There is more to the “Harry Potter” films than just enchanting spells and the battle between good and evil. Those who are extremely fond of J.K. Rowling’s boy wizard series have certainly wondered how it feels to attend Hogwarts, the school of magic, where candles float and paintings talk. What’s it like to hang out at Hagrid’s hut or take a stroll through the forbidden Dark Forest?
When the first Harry Potter movie came out in 2001, the books’ world of wizardry magically came to life. Even though the series has since finished, the spell still lingers for some non-magical muggles. For those who want to keep the magic alive, “Harry Potter: The Exhibition” has finally arrived in Singapore.
The exhibition kicked off in Chicago in 2009 and since then Potter fans around the world from Toronto to Sydney have had the chance to get closer to their fictional hero.
The traveling exhibition is now making its first stop in Asia at the ArtScience Museum in Singapore.
Friday night’s opening ceremony was attended by James and Oliver Phelps, the twin brothers who played the mischievous pair Fred and George Weasley.
The exhibition was put together by Global Experience Specialists. The company has been working with film producers Warner Bros. to showcase original movie memorabilia long before the “Harry Potter” exhibit. According to GES CEO Eddie Newquist, the idea to create the exhibition came about during the making of the fifth film installment.
“We went through 10 years of movie props and artifacts,” Newquist said. “I think our criteria was to choose things that fans would like to see the most.”
These include Harry’s wand, his glasses and invitation to Hogwarts, as well as Hermione’s dress for the Yule Ball. The exhibition is all-encompassing with impressive, large-scale features such as whole sets of the Hogwarts Great Hall, which includes four long tables featured in the film.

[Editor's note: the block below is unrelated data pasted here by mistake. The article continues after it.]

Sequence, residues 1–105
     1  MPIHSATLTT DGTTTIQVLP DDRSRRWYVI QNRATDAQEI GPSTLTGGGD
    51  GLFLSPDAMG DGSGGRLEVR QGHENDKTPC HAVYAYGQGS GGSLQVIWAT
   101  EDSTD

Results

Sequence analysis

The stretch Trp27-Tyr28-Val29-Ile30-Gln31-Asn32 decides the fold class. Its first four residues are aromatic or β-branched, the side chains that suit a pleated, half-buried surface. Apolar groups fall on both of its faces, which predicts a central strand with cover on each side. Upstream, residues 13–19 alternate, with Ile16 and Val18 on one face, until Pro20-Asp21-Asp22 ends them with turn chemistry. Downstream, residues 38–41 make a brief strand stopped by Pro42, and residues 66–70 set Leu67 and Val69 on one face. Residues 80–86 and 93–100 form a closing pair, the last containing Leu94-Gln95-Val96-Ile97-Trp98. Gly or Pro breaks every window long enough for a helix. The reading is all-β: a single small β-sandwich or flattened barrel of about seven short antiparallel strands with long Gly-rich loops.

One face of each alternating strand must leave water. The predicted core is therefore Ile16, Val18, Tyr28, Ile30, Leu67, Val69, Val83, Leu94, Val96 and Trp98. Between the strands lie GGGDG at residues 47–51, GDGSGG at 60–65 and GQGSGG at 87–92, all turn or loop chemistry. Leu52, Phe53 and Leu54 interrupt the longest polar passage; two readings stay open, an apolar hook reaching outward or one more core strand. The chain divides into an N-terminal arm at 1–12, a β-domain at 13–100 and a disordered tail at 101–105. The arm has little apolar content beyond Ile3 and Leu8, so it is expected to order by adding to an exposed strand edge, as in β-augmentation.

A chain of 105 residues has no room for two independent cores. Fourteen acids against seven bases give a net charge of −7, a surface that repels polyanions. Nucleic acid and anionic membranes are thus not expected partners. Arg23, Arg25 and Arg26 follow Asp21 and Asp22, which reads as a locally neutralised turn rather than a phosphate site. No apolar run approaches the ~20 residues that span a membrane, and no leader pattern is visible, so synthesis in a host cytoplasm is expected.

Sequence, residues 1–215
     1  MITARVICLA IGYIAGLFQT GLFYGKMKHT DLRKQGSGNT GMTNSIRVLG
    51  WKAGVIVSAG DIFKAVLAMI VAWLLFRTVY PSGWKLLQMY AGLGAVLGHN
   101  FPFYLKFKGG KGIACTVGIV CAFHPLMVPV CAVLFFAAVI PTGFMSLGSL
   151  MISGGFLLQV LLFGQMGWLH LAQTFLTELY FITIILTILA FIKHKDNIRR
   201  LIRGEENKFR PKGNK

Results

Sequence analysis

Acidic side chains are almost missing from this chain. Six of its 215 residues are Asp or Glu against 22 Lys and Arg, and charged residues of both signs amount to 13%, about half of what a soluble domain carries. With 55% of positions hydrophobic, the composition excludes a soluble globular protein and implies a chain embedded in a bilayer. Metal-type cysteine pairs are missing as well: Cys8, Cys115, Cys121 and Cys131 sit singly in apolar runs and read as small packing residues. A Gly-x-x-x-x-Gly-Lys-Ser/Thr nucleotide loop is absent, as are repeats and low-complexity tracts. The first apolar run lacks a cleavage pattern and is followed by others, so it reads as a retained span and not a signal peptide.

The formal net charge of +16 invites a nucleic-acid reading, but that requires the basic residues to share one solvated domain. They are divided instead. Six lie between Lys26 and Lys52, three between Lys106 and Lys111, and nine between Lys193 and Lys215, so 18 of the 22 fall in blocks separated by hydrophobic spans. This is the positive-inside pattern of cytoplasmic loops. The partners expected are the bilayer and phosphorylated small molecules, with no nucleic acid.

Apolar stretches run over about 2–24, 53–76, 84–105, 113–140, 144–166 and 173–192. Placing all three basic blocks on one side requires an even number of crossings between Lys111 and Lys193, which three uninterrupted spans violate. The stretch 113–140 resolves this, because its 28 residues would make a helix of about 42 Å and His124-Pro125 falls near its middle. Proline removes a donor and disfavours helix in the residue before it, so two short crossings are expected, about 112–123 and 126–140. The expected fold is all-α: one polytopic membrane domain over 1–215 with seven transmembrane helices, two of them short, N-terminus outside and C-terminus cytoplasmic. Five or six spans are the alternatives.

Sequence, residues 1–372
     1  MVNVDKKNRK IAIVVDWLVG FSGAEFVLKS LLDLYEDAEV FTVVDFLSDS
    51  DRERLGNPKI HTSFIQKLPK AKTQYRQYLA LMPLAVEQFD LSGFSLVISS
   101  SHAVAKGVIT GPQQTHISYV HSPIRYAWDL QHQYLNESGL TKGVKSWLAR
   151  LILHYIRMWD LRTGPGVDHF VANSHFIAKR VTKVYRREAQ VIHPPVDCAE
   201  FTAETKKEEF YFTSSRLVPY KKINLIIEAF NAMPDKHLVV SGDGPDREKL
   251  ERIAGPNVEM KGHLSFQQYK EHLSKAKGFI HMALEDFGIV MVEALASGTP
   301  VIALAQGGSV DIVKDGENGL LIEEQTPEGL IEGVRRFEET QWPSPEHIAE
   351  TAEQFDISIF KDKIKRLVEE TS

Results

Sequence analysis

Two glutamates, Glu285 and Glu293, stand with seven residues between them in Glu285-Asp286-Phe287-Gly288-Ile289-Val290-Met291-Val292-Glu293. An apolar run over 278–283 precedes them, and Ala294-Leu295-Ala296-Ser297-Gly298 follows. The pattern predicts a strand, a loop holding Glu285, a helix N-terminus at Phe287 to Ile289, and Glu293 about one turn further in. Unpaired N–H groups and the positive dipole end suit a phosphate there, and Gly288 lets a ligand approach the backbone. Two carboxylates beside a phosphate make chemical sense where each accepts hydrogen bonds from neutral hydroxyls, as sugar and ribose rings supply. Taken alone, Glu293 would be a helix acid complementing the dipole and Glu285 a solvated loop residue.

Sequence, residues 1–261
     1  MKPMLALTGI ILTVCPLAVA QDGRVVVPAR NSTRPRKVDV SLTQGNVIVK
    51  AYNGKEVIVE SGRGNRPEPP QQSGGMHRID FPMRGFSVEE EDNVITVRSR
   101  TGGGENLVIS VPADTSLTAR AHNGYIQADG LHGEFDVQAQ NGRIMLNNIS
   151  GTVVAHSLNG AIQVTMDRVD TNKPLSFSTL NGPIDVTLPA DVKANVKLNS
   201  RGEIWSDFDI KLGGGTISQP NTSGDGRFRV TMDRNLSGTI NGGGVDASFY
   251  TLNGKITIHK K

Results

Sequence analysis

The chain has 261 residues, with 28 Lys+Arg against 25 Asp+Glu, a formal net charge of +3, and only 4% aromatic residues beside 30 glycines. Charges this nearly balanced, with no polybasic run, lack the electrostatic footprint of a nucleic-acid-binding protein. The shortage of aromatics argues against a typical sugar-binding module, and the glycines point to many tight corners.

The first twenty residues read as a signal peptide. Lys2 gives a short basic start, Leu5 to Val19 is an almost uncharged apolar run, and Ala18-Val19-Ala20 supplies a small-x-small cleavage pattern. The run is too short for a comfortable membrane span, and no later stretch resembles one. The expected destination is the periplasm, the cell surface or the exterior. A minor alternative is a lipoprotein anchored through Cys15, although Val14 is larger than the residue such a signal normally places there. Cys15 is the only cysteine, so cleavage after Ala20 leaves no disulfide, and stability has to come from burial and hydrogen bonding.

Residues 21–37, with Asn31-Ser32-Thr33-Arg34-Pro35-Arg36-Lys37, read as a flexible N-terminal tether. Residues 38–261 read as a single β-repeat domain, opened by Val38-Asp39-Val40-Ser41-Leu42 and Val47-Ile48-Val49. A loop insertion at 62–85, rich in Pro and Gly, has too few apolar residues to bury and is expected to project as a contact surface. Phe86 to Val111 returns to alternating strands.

“Then we developed the classroom and the Quidditch area, just to make sure fans have a good reaction,” he said.
The ArtScience Museum is by far the largest venue to host the “Harry Potter” exhibition, Newquist said. For the team, it allowed them to create a more surreal exhibit. Everything is enhanced from the Hogwarts express to the school’s common room to the Dark Forest.
Additionally, Singapore visitors will be the first to see the production model for Voldemort’s serpent, Nagini.
Upon arrival, visitors proceed to a dark room where Potter fans get the chance to be assigned to one of Hogwarts four houses by the Sorting Hat. Be ready to volunteer, as only two lucky visitors are allowed to sit on the knobby wooden chair and be sorted.
After the sorting ceremony, the first stop in Harry’s world is at the Hogwarts Express, where a lady in a black robe and a lantern calls out “Welcome! Welcome! Welcome to Hogwarts!”
Right at the corner, there is a wanted poster for Sirius Black, the wizard framed for 12 deaths, pinned to a wooden board. As the Hogwarts Express is unfortunately not a ride, you continue to the common room of Gryffindor, one of the four houses where student wizards could be sorted. In the common room, visitors can see all of the moving paintings, including the fat lady who attempts to break a glass with her high-pitched voice.